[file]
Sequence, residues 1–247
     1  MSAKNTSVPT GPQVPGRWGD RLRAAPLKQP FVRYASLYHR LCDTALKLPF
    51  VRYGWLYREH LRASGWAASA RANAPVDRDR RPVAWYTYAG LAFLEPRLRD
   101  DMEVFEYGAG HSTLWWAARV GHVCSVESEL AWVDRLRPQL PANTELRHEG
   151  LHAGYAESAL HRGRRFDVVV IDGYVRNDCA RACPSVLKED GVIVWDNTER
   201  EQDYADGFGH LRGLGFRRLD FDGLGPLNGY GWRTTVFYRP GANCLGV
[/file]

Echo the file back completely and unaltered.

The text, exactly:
Sequence, residues 1–247
     1  MSAKNTSVPT GPQVPGRWGD RLRAAPLKQP FVRYASLYHR LCDTALKLPF
    51  VRYGWLYREH LRASGWAASA RANAPVDRDR RPVAWYTYAG LAFLEPRLRD
   101  DMEVFEYGAG HSTLWWAARV GHVCSVESEL AWVDRLRPQL PANTELRHEG
   151  LHAGYAESAL HRGRRFDVVV IDGYVRNDCA RACPSVLKED GVIVWDNTER
   201  EQDYADGFGH LRGLGFRRLD FDGLGPLNGY GWRTTVFYRP GANCLGV